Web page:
Drew and I have been rock climbing since the beginning of our relationship. It has always been something that we have loved doing together but we have never been able to go out and do it on our own because rock climbing can be extremely dangerous if you don’t know the necessary skills and techniques or have all the appropriate gear. We have always gone with a group (Planet of the Apes) or a guide, but now that is all about to change.
Thanks to Walter – our goofy (and awesome) lead climbing instructor with On Rope Consulting. After 2 full days of lessons, we now know all the skills necessary to be able to lead climb on our own – a goal we had set for 2013 (yes, last year) can now be checked off our list!
Round 1: For our first day of lessons we signed up for ROCK One and met Walter at Malibu Creek State Park to go over all the basics and perfect our belaying and rappelling techniques, which, as you can see, were nothing less than questionable:
Luckily (for Drew), we made vast improvements and were scaling walls (safely) after just 1 day!
Round 2: This past weekend our schedules finally made room for ROCK Two, the final course before being able to lead climb on our own! We recommend going climbing as much as you can with groups and guides before trying to lead climb, it will be much easier for you and your instructor.
That morning we met Walter at 6:30am at the critically acclaimed Riverside Rock Quarry (map), just outside of LA. We parked along Donner Way and walked towards the protruding rock faces of Schoolhouse Rock. We laid out our gear, dusted our hands with chalk and began what was one of the most influential (and fun!) days of our rock climbing careers.
We broke in our climbing shoes (the ballet slippers I never had):
Practiced our (now impressive) rope tying skills:
Learned the importance of teamwork that is crucial for any successful rock climbing adventure:
Met some new (spiky) friends:
After lots of on the ground practice, we were ready for some vertical ROCKcreation. Game face:
Check out Drew making his way to the top and maneuvering with his quick draws – tongue out always seems to help make it easier somehow:
Learning how to lead climb helped us both understand and appreciate the sport so much more than we ever had before. We started to discover the creativity and confidence that one must build within themselves to be able to make their way to the top, as well as the faith one must have in the person down below should any surprises arise.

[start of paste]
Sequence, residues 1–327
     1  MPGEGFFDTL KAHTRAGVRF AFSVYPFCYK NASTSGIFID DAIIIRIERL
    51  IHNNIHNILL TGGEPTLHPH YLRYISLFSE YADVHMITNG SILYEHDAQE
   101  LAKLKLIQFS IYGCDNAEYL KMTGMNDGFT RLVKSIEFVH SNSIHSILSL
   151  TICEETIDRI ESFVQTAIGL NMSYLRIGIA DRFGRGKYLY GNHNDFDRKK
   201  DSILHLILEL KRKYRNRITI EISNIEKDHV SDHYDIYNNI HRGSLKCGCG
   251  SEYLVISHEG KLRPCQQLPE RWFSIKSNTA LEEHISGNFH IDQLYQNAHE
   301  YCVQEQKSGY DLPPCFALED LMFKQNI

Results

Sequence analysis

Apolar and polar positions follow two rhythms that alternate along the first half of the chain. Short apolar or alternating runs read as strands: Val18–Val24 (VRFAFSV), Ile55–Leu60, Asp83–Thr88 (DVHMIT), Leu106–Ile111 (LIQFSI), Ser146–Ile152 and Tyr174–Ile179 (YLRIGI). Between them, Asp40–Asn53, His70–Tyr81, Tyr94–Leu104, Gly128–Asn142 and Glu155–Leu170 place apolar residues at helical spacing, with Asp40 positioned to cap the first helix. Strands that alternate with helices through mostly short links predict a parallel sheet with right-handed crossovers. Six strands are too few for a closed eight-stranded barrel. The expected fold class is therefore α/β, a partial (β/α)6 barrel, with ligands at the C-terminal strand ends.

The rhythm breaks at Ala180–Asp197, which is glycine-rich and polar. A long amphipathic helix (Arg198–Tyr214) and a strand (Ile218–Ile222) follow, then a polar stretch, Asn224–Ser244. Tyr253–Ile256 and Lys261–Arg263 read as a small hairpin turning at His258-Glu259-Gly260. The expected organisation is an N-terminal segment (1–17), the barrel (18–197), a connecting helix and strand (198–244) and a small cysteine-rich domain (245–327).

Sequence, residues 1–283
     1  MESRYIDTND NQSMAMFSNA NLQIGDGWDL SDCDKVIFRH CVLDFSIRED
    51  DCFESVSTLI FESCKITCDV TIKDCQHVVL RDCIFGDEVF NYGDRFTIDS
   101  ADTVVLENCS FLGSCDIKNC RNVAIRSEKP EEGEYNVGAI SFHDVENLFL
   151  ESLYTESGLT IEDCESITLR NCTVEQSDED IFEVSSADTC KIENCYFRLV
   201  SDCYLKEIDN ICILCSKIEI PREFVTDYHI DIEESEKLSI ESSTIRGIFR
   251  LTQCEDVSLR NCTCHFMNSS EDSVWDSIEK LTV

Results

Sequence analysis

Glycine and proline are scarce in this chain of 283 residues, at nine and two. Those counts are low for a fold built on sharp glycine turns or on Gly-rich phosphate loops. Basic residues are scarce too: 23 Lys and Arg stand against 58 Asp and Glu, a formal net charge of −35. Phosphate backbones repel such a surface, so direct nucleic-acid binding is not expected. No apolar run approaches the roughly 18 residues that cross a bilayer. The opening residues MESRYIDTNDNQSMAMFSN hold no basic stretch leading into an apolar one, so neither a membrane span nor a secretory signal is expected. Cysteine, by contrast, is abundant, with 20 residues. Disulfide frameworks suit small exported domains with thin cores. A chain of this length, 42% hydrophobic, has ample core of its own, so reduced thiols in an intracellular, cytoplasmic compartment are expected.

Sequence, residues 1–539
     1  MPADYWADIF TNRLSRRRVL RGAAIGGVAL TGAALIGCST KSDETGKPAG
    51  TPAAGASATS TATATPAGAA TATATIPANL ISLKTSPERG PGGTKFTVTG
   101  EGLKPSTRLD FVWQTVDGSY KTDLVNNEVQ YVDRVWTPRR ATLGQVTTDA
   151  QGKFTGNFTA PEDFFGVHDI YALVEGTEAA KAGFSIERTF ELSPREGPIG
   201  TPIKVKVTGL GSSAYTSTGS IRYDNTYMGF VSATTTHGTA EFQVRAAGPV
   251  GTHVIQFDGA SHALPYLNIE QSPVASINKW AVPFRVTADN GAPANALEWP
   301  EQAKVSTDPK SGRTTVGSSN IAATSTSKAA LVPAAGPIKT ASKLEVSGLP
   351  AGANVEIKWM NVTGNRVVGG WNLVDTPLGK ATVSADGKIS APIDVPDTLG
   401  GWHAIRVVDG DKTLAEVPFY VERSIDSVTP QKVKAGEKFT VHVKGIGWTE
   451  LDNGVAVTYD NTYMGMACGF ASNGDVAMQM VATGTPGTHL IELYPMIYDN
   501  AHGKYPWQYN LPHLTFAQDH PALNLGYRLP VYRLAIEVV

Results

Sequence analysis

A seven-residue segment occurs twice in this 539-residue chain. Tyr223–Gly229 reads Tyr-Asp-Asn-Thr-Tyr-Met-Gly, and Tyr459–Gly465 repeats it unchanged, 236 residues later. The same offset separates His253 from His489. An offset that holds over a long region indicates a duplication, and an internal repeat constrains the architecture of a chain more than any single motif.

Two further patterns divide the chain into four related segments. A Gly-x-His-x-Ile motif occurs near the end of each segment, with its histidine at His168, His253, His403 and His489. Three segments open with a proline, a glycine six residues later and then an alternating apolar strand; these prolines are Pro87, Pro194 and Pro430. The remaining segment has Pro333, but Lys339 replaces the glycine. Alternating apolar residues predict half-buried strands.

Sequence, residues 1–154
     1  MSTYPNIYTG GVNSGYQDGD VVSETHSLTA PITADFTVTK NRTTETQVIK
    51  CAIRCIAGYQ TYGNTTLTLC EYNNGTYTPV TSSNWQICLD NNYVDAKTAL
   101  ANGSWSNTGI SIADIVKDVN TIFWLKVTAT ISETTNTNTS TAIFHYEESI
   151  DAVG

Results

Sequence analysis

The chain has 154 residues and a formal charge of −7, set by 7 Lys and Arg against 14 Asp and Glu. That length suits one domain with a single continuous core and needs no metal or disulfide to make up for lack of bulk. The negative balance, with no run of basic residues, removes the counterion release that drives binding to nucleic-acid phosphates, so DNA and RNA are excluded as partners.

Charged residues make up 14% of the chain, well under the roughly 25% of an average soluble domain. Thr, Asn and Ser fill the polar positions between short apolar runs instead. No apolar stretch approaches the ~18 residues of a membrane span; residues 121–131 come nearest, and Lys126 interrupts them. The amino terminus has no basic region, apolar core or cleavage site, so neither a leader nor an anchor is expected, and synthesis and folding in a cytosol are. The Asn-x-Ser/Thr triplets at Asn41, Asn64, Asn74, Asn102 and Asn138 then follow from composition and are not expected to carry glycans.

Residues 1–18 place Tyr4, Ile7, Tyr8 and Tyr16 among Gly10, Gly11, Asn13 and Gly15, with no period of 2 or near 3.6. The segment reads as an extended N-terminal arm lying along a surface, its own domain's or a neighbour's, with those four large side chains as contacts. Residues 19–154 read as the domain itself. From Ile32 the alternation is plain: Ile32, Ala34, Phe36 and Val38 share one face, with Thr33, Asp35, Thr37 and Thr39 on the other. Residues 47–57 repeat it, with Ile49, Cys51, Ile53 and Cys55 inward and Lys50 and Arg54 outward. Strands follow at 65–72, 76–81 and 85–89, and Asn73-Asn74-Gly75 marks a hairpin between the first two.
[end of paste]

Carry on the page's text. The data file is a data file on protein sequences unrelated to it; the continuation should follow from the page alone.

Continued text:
When we began climbing a few years back, we were much more afraid of the heights involved and didn’t know about any of the gear that we would need. We always wondered how climbers shifted ropes, tied knots and clipped this here and that there, but now, thanks to Walter, we have a whole new door of outside opportunities awaiting. With a solid base of knowledge, we now know how to properly put our gear on, flake a rope, and rack our quick draws and ATC’s. Get ready climbing world 😉
We have a strong appreciation for mother earth and also came to admire (now I know this is going to sound funny) rocks. How perfectly fingers and toes can fit into crevices, how unbelievably gigantic they can be, the incredible formations they come in and most of all, the pure and utter satisfaction that comes from making your way to the top to enjoy the breathtaking views they offer.
We took turns lead climbing every route that was 5.6 and under that day, 6 routes total, a pretty good start I’d say! One hearty day making way for many more to come.
You can learn more about rock climbing basics here, and once you’re ready to lead climb on your own, here’s what we recommend for basic lead gear for you and your partner – we ordered all of ours from BackCountry.com (never buy used climbing gear):
- 2 helmets
- Rock climbing shoes (Drew has “MadRock” and I have “evolves” – get 1 size smaller than your shoe-size)
- 2 harnesses (we both have BlackDiamond)
- 1 Rope: How do you know which rope to buy? – What about a rope bag? – Are you supposed to clean your rope?
- 12 quick draws (we like bent gates)
- 2 locking carabiners (D-shaped or pear)
- 2 belay devices (choose from an ATC, ATC guide or Grigri)
- 2 anchor chords (Brittany prefers the chain style)
And voila! You’re all set to climb on!
We are both amped to get back out on the Rocks and lead our first real climb without assistance. I’m sure there will be more to come on this subject in the near future 😉
We are told that climbing really begins when you start leading routes because it’s just you and the face of the rock. The risk is elevated and falls can occur, but it all can be mitigated with the proper techniques and knowledge of the equipment and sport; this is something that comes along with getting the proper instruction. We would both agree that if you’re going to head outdoors and learn something new, you should definitely get proper training so that you can have a blast and be safe at the same time.